Arter can play but he's more of an all-action bustling presence; that attribute was missing in Georgia and he paid the penalty but the Bournemouth player redeemed himself in Cardiff.
There's a sense that he's still getting used to the approach of this Irish side; and if he plays then it's possible Hoolahan may not.
All of McGeady's appearances came off the bench and his impact was middling. O'Kane only made a late cameo in Moldova and is very much down the pecking order but O'Neill likes him.
Can Do Better
Robbie Brady, Jeff Hendrick, Shane Long
Three Irish players have made seven outings in ten games and they have all left room for improvement heading into the play-offs.
Brady and Hendrick have struggled with the responsibility of becoming senior players since Euro 2016 but they both came to the fore in Cardiff and the Burnley pair can look to that for November inspiration.
Hendrick, in particular, needed the big moment like his role in McClean's winner.
Meanwhile, Shane Long's only goal in the group came at home to Moldova and he's bereft of confidence at the moment. He's still a pest to defenders, though, and was missed in Wales.
Ones to Watch
Callum O'Dowda, Conor Hourihane, Kevin Long, Sean Maguire
When the qualifying draw was made in the summer of 2015, Callum O'Dowda was a low-profile Irish U-21 international at Oxford, Kevin Long was on the long-term injury recovery trail at Burnley, Conor Hourihane was trying to build a name for himself with Barnsley and Sean Maguire was struggling to get a look-in with Dundalk after coming home from England.
All four have made giant strides in their own careers since then and got on the pitch during this campaign. O'Dowda and Long both started matches and are well regarded by management whereas Hourihane and Maguire still have work to do.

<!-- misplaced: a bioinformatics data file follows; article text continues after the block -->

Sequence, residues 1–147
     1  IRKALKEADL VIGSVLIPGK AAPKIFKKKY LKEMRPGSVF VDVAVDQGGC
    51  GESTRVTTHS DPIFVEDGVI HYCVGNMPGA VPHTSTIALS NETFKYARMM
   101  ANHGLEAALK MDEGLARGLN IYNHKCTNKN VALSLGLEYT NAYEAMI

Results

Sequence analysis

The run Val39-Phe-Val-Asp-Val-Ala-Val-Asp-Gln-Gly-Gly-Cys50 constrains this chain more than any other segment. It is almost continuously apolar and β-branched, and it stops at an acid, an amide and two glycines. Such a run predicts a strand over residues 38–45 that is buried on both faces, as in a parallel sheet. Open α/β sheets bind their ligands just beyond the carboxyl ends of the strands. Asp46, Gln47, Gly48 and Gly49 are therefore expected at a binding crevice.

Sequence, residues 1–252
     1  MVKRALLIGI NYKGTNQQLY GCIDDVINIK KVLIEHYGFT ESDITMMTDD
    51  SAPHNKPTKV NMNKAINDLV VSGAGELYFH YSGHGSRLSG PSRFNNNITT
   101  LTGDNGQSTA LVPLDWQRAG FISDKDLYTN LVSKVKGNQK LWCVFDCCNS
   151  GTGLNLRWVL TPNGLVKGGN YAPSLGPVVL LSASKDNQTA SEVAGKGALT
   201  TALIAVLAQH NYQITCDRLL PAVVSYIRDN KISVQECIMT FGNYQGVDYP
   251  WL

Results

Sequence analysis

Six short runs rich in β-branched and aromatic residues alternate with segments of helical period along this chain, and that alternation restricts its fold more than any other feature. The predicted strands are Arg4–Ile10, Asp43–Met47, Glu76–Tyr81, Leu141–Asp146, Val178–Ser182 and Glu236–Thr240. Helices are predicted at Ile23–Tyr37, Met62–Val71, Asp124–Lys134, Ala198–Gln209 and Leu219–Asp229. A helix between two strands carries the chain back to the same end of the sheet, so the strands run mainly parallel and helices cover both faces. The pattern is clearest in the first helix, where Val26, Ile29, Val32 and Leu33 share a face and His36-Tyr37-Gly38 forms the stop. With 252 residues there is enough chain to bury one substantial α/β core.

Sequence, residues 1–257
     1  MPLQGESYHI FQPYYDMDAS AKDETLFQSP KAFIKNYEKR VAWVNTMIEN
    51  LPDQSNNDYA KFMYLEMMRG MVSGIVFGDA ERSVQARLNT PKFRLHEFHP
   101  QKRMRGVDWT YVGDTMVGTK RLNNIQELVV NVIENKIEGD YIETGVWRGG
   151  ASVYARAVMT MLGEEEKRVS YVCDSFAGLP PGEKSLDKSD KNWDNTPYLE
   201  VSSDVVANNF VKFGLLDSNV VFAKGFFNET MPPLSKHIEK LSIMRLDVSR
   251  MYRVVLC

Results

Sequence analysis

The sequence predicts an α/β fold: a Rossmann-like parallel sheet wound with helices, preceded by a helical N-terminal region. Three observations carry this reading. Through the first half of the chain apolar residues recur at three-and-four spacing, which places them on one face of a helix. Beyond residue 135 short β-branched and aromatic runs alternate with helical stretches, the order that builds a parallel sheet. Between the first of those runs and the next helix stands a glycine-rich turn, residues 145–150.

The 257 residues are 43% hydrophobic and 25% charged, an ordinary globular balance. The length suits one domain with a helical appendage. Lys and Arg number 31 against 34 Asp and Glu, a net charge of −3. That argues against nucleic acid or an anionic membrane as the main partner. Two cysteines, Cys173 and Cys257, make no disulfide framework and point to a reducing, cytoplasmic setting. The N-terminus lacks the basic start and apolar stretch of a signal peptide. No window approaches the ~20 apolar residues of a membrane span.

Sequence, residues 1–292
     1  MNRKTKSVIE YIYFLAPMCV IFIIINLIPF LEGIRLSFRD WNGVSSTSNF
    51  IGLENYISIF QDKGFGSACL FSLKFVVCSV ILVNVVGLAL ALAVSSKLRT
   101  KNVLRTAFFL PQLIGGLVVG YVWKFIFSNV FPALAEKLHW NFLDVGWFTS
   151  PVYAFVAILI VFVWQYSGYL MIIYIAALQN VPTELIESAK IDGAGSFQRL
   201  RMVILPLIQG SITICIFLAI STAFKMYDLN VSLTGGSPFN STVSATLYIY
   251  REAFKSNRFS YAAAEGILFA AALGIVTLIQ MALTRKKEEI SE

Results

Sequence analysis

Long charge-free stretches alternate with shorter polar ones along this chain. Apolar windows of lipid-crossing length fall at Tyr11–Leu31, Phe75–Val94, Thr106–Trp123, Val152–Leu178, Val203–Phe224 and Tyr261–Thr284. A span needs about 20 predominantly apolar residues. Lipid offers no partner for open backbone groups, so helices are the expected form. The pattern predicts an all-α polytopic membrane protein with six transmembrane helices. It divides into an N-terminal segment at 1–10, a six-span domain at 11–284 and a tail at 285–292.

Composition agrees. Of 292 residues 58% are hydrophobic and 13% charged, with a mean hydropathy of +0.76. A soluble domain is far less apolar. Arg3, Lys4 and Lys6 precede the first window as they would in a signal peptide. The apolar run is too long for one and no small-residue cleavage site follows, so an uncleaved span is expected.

Down In Status
Glenn Whelan, John O'Shea, Richard Keogh
Whelan still figured in eight matches and was called upon for a big 15 in Cardiff, yet it's possible time may show that Georgia away was the point in his Irish career where O'Neill realised a more energetic presence was required as his defensive shield.
That said, Meyler's suspension for the first leg next month might let him back in. O'Shea and Keogh paired up for the nil-all with Wales when Clark and Duffy were out. However, Kevin Long was parachuted into the squad ahead of them and they now require injury problems to get a look-in.
James McCarthy, David McGoldrick, Stephen Quinn
McCarthy only lined out in two games but it feels like he was discussed before every single international with rows between O'Neill and Ronald Koeman a recurring theme of the qualification cycle. If he could somehow build match fitness over the next month then he would be a viable alternative to Meyler. McGoldrick has endured a dreadful run of bad luck around the qualifiers while Quinn has barely been sighted since he made a big impact in Belgrade along with Murphy.
The Injured Captain
Seamus Coleman was well on his way to rivalling McClean for the player of the campaign gong when he was struck down by Neil Taylor. He has tried to fulfil captain duties by coming into report for duty and provide encouraging words around the hotel. But it's a continued source of frustration for O'Neill - and of course the player - that Ireland are involved in high-stakes games and their best player is tracksuited on the bench next to the coaching staff.